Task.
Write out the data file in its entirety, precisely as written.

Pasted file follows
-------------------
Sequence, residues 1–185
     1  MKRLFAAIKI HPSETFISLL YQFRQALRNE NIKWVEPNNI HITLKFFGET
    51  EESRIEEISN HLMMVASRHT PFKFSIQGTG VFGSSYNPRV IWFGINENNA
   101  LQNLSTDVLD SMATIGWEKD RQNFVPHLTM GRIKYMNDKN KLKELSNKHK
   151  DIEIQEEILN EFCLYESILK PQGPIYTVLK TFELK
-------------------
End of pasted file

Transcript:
Sequence, residues 1–185
     1  MKRLFAAIKI HPSETFISLL YQFRQALRNE NIKWVEPNNI HITLKFFGET
    51  EESRIEEISN HLMMVASRHT PFKFSIQGTG VFGSSYNPRV IWFGINENNA
   101  LQNLSTDVLD SMATIGWEKD RQNFVPHLTM GRIKYMNDKN KLKELSNKHK
   151  DIEIQEEILN EFCLYESILK PQGPIYTVLK TFELK